That said, I agree with the Republican governor of Alabama. Asked what it would take to convince her constituents to get vaccinated—Alabama is among the least-protected in the nation—Gov. Kay Ivey responded "I don't know. You tell me. Folks [are] supposed to have common sense. But it's time to start blaming the unvaccinated folks, not the regular folks. It's the unvaccinated folks that are letting us down."

Trouble is, folks tend not to have a lot of common sense when they're frightened. Not much more than their ancestors in 14th century Europe who blamed the Black Death on Jews poisoning wells. Also on Gypsies, beggars and foreigners generally. Many lepers were put to death.

Mainly, though, it was the Jews.

Dr. Fauci isn't a Jew, but he'll do for a certain kind of fool. I think we all know the kind I mean.

My man Charles P. Pierce of Esquire found an article about an Alabama physician on AL.com. Dr. Brytney Cobia wrote a Facebook post about admitting young, previously healthy patients to a COVID ward in Birmingham.

"One of the last things they do before they're intubated is beg me for the vaccine," she wrote. "I hold their hand and tell them that I'm sorry, but it's too late."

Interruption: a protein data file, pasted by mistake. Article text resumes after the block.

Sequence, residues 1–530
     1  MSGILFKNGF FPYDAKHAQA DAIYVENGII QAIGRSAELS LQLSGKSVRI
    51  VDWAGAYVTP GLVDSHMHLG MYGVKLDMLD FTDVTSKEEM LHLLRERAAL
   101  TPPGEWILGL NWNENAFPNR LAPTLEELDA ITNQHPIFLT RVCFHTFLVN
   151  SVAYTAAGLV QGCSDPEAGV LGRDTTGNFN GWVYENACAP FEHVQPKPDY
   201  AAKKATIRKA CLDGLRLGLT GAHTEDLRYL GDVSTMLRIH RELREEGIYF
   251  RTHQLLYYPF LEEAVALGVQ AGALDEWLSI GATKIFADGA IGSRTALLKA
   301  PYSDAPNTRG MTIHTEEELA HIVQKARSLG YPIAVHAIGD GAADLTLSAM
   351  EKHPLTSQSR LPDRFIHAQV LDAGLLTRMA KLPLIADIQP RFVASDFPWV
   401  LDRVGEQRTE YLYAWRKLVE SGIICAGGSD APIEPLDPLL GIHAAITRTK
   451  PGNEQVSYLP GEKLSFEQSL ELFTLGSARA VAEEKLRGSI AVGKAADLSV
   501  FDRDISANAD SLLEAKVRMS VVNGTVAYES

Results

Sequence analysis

After they die, Cobia continued: "I hug their family members and I tell them the best way to honor their loved one is to go get vaccinated and encourage everyone they know to do the same."

"They cry. And they tell me they didn't know. They thought it was a hoax. They thought it was political. They thought because they had a certain blood type or a certain skin color they wouldn't get as sick. They thought it was 'just the flu'. But they were wrong. And they wish they could go back. But they can't."

She prays that people will learn.

Many white Southerners, Politico reports, "are turning down Covid-19 vaccines because they are angry that President Donald Trump lost the election and sick of Democrats in Washington thinking they know what's best."

Especially, of course, when they do.

Possibly they'll listen to Gov. Ivey or Dr. Cobia, but not soon enough, I fear. Besides, as in the 14th century, paranoia is worldwide. There was a recent anti-vaccine rally in London's Trafalgar Square, with a host of crackpots invoking imaginary, often self-contradictory horrors.

Vaccines are a Satanic plot for world domination; or they're a surveillance technology, turning your body into a 5G transmitter; or they alter your DNA; or they cause infertility. Or vaccines will just flat kill you.

Closer to home, the epicenter of the deadly pandemic surge in Arkansas, where I live, appears to be Branson, Missouri, the cornball country music capital of middle America.

"Branson has a lot of country-western shows," Dr. Marc Johnson, an epidemiologist at the University of Missouri School of Medicine told the Daily Beast."No vaccines. No masks. A bunch of people indoors and air conditioning, tightly packed, listening to music, possibly singing along, i.e. a superspreading [event]."